A friend passed this article on to me a few weeks ago, and I thought it was worth sharing: Meet the League of Extraordinary Women: 60 Influencers Who are Changing the World. Some people on the list are “big names” such as the US Secretary of State Hillary Clinton and US Ambassador at Large for Global Women’s Issues Melanne Verveer. Both of these women are behind big conferences that are both promoted by and influential with the UN Headquarters, as well as in smaller conferences with NGOs and non-profit organizations.
Other women included in the list are those in high level corporate positions, such as Maria Eitel, who is CEO of the Nike Foundation, and Charlotte Oades, who is the global director of Coca Cola’s 5 by 20 project. These women do not just inspire other women through leading by example, but they have raised awareness of girl and women issues, and gotten their corporations backing to make this the focus of their efforts.
Many other women cited in this list that are part of the “league” go to developing countries and do extensive research as to what they can do to help other women get jobs or open their own businesses. Their projects have tremendous success because they go hand in hand with empowering the women that they are helping to then further help themselves. Several of these leaders cited success coming from their having one on one talks with them and really find out what they want, what they need, and then how to fulfill those wants and needs.
And certainly, beyond the more high profile efforts that are cited in this list, there are many organizations where women are providing a helping hand to one another. Women Helping Other Women, Inc. is a good example of this. Their work is simple – they have a place where other women can find work baking a variety of gourmet holiday cakes. While this is a relatively simple business model, I’m sure it makes a huge difference in empowering and providing a step in the right direction for those that it employs. Another non-profit organization is the WHO Foundation which stands for Women Helping Others. This foundation reaches out to other women who would like to volunteer their services of expertise to other women, children and families in need.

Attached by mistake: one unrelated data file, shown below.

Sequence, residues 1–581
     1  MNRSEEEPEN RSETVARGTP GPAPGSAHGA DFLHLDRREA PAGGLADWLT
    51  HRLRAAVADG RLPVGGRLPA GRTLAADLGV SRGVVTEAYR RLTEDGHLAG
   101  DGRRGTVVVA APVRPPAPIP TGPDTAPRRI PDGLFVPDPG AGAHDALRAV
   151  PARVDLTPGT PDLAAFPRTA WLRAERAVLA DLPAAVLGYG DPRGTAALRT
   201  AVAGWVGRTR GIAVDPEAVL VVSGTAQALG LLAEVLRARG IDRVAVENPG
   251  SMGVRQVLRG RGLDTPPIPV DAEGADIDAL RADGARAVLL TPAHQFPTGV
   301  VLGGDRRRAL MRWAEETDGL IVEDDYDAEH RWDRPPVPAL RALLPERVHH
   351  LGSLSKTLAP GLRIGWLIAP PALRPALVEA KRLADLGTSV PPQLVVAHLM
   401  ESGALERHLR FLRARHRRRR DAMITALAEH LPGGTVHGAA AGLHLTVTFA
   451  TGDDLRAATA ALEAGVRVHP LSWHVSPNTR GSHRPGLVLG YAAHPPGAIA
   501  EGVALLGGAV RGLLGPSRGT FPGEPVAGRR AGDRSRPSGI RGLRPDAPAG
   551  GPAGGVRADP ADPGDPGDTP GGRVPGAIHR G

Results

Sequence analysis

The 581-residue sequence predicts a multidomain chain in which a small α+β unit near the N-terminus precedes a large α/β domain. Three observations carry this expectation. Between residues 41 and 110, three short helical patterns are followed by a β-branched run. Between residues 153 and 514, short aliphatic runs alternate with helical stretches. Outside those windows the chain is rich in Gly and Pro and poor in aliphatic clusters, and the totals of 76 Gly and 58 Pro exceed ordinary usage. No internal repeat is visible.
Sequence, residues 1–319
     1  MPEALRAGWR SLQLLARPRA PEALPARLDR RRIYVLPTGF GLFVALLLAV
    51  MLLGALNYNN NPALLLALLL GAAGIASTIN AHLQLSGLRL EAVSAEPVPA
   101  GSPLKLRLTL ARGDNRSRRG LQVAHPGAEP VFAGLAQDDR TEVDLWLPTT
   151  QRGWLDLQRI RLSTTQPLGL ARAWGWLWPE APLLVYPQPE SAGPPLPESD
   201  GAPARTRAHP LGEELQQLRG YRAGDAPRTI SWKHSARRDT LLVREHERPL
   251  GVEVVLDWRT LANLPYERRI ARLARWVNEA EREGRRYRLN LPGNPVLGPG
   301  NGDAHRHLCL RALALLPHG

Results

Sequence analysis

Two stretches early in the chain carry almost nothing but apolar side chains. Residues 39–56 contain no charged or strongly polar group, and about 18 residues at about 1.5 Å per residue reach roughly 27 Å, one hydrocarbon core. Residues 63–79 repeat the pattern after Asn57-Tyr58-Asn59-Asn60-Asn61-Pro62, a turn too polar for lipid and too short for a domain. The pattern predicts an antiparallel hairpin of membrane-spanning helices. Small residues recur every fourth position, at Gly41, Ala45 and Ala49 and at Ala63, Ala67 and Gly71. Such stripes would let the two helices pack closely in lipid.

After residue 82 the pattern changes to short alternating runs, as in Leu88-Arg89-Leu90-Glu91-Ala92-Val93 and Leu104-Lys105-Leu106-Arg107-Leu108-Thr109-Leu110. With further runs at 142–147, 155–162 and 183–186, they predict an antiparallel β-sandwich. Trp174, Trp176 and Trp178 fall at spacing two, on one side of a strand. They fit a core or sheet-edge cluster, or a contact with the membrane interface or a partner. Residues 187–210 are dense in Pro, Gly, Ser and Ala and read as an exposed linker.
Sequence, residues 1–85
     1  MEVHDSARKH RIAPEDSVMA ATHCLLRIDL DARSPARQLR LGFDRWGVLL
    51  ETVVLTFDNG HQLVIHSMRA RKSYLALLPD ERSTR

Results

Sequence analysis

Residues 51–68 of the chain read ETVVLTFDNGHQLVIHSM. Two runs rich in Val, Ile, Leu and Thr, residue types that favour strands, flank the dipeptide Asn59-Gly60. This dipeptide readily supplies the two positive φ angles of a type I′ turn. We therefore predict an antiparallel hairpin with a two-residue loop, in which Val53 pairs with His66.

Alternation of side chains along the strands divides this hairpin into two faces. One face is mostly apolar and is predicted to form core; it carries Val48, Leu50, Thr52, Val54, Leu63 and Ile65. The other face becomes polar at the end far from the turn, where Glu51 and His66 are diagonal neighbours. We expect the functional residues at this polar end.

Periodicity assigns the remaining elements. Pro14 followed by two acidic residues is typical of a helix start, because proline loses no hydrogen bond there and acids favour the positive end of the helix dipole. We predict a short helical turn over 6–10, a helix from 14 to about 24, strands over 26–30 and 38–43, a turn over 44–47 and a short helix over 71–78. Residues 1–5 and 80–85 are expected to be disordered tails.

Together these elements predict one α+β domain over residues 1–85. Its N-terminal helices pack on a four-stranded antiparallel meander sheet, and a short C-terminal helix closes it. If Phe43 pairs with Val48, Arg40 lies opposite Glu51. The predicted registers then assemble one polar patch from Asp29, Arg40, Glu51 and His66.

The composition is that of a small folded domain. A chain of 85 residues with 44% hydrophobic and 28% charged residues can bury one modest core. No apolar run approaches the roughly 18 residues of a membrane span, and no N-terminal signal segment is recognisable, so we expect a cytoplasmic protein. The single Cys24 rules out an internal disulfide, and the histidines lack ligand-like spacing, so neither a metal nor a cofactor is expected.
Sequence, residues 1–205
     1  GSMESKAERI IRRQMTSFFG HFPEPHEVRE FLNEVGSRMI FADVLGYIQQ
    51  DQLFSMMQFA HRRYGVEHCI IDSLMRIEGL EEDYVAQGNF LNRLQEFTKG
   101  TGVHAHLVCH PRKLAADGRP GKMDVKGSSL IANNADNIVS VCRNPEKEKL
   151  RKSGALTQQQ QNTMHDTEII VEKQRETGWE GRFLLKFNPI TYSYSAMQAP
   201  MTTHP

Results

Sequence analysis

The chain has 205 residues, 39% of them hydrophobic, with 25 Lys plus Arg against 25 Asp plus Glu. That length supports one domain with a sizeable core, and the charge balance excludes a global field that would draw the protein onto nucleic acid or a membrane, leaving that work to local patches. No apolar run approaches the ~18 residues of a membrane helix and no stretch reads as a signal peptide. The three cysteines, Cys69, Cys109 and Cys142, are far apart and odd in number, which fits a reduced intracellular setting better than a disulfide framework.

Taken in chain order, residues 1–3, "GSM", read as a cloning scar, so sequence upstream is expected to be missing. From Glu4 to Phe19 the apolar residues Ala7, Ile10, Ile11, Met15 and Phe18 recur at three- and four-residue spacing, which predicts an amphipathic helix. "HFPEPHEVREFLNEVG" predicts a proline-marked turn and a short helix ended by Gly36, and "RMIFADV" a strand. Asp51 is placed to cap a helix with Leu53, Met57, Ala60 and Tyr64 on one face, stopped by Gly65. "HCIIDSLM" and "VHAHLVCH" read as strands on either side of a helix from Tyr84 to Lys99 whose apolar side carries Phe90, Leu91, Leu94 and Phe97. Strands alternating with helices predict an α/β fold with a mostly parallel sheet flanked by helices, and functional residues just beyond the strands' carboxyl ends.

What I think is pretty awesome in all of these initiatives is that they are set up to not just make an immediate difference, but to make a real change that has a long term impact. And on top of that, as Oades of Coca Cola said, “Whatever income they (women) earn, they disproportionately reinvest in the education and health of their children.”
Women helping women also reminded me of a saying I had heard, that is cited by Christine Bork shared in this article. Former Secretary of State Madeleine Albright said that “There’s a special place in hell reserved for women who don’t help other women.” While we aren’t all going to start new organizations or lead major initiatives, I think we can all keep that reminder in the back of our mind to lend a helping hand to one another in simple ways.